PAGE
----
Cardiovascular Nurse Navigator: Interview with Shannon Hernandez, RN, ADN, CCRN

My Specialty

Cardiovascular Nurse Navigator: Interview with Shannon Hernandez, RN, ADN, CCRN

Helping patients and families through the frightening experience of heart surgery

By Working Nurse
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WORKING NURSE: Tell us the name of your nursing specialty and where you work.

SHANNON HERNANDEZ, RN, ADN, CCRN: I am currently working as the cardiovascular nurse navigator at San Antonio Community Hospital in Upland, California.

How did you get into this specialty and did it require any special training?

I am a CCU nurse and worked full time in CCU for six years before applying for this position a year and a half ago. I hold a Critical Care Registered Nurse (CCRN) certification through the American Association of Critical Care Nurses and have completed a training series that focuses on post-open heart surgery recovery, which was provided by critical care educators here at San Antonio Community Hospital. After completing the series, I worked with experienced OHS nurses to orient myself to receive the post-open heart surgery patients and eventually began to care for these patients on my own.

I was a “heart” nurse for over five years and became very familiar with the process the patient and the family go through before and after surgery. When an opening came up for a cardiovascular nurse navigator, I applied. This position requires a BSN, so I am attending school as well as working. I continue to work occasional days as a bedside nurse in CCU to keep my skills current.

How long have you worked at San Antonio, and how did you choose to begin working there?

I accepted a position with San Antonio Community Hospital in July of 2000, right out of nursing school. I was attracted to San Antonio because of their new graduate critical care float pool position and interested in critical care because of the intensity and need to apply critical thinking skills, so I applied and was hired.

I participated in an intense series of critical care classes and then became part of the float pool, which covered ICU, CCU and three separate DOU units. Each morning I would call staffing upon arrival at the hospital and would then receive my assignment. I enjoyed the challenge of working in a different unit and had to develop good assessment and organizational skills to meet the challenges of floating. Eventually I transferred to CCU so to increase my knowledge and skills and learn to receive post-open heart surgery patients.

What does a typical day involve for you?

As the cardiovascular nurse navigator (CVNN) I help the patients and families “navigate” through the often frightening experience of open heart surgery. I act as a liaison between the cardiac surgeons and their patients and families. In the morning I print out a list of patients in-house who are being followed by the cardiac surgeons. I make early rounds, collaborate with floor nurses, review labs, write information for the surgeon on the progress notes, check on patients and report my findings to the surgeons.

When a patient is in surgery, I am in contact with the OR and update the family and loved ones throughout the procedure, keeping them abreast of progress and the estimated time of completion. I am also in contact with the cardiac catheterization lab and notify the surgeons and surgical team if there is a critical patient in the cath lab who requires stand-by preparation for open heart surgery.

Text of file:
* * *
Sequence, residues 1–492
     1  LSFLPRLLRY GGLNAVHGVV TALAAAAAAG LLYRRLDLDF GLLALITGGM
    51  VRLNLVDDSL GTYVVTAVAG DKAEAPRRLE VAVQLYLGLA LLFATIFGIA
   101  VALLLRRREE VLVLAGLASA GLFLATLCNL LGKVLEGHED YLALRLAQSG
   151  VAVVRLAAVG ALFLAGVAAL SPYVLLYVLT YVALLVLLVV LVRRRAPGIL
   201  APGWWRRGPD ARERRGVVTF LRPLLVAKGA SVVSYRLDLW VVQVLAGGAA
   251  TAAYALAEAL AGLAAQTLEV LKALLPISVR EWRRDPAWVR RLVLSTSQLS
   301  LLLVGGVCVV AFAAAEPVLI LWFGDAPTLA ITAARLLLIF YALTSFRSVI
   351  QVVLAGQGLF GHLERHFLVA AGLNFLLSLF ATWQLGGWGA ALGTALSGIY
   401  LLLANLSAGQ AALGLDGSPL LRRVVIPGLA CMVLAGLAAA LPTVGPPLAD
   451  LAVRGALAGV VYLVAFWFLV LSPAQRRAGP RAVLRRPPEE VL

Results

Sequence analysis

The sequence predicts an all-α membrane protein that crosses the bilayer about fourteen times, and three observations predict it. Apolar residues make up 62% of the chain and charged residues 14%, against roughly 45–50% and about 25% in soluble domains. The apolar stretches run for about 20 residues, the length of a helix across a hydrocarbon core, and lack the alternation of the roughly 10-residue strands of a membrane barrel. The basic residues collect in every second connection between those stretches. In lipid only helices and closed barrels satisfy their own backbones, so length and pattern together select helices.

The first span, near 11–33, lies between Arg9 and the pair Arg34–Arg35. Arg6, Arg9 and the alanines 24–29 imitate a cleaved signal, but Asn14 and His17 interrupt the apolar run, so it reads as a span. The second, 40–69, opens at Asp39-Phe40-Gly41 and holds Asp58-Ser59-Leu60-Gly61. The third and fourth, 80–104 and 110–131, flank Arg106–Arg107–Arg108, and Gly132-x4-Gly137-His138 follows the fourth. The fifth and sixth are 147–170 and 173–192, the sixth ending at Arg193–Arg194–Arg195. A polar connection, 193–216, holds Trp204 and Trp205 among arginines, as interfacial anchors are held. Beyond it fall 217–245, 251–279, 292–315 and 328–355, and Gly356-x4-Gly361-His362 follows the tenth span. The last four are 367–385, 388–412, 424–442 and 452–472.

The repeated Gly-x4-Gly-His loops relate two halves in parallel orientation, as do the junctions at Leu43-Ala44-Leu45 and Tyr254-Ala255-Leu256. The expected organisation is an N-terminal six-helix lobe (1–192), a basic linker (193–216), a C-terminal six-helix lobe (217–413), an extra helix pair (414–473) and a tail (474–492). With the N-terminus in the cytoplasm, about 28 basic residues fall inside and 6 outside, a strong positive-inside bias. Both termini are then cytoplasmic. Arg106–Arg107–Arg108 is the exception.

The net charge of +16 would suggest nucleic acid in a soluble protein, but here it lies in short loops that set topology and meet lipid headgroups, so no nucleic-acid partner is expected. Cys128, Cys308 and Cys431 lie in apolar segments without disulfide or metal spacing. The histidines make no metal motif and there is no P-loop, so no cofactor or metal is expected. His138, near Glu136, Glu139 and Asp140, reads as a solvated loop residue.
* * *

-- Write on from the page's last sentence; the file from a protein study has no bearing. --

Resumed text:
I am responsible for reconciling medications and preparing all discharge instructions. I make sure that all disciplines (dietary, cardiac rehab, diabetic education) have completed their instructions and, in collaboration with the floor nurse, make sure the patient is ready to go. On or near the day of discharge, I meet with the patient and family members to give them specialized instructions for home. I talk to them about scheduled follow-up appointments, lab requisitions and prescriptions.

In between all this, I return any phone calls from patients and families who have questions about care or progress. I contact and inform the surgeons as necessary. Patients who have had surgery that requires monitored medications, like Coumadin, are also followed by the CVNN with orders from the cardiac surgeons. I also do chart review and collection of data required by the state and other entities regarding cardiac
surgery outcomes.

What are your favorite aspects of the job?

I enjoy working with the patients and seeing them get better and go home. It is a lot of work to coordinate all that needs to fall into place in order for them to be safely discharged, and I take great satisfaction in seeing patients and families do well. I also enjoy putting the minds of the families at ease when a patient is in surgery by updating them during the surgical progress so they don’t have to worry and wonder what is happening.

Any challenges or least favorite aspects of the job?

Like any job in nursing, every day is unpredictable. It is part of being a nurse. I like a day that is organized and, at times, that is impossible.

What advice would you give to a nurse looking to enter your field of nursing?

Critical care is an exciting field. Take the time to become efficient in the basic care of patients before jumping into it because it requires quick decision-making and lots of organization. The critical care float pool here at San Antonio Community Hospital prepared me for this opportunity to be a cardiovascular nurse navigator.


American Association of Critical Care Nurses

Cariothoracic Surgical Nursing, by Betsy A. Finkelmeier

Core Curriculum of Critical Care Nursing, by American Association of Critical Care Nurses

American Journal of Critical Care

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